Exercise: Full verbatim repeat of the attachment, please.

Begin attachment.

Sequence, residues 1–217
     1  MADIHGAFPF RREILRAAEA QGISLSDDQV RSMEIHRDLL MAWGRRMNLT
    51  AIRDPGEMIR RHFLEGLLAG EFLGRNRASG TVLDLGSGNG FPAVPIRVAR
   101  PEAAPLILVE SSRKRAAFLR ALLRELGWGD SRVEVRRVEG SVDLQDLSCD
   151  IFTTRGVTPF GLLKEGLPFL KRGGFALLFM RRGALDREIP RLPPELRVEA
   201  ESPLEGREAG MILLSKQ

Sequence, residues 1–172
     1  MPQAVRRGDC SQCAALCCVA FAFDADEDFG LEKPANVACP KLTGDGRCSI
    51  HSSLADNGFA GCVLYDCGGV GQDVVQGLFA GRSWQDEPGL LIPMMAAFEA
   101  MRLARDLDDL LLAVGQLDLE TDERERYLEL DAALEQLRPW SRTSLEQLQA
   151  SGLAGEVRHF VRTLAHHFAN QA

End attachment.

Sequence, residues 1–217
     1  MADIHGAFPF RREILRAAEA QGISLSDDQV RSMEIHRDLL MAWGRRMNLT
    51  AIRDPGEMIR RHFLEGLLAG EFLGRNRASG TVLDLGSGNG FPAVPIRVAR
   101  PEAAPLILVE SSRKRAAFLR ALLRELGWGD SRVEVRRVEG SVDLQDLSCD
   151  IFTTRGVTPF GLLKEGLPFL KRGGFALLFM RRGALDREIP RLPPELRVEA
   201  ESPLEGREAG MILLSKQ

Sequence, residues 1–172
     1  MPQAVRRGDC SQCAALCCVA FAFDADEDFG LEKPANVACP KLTGDGRCSI
    51  HSSLADNGFA GCVLYDCGGV GQDVVQGLFA GRSWQDEPGL LIPMMAAFEA
   101  MRLARDLDDL LLAVGQLDLE TDERERYLEL DAALEQLRPW SRTSLEQLQA
   151  SGLAGEVRHF VRTLAHHFAN QA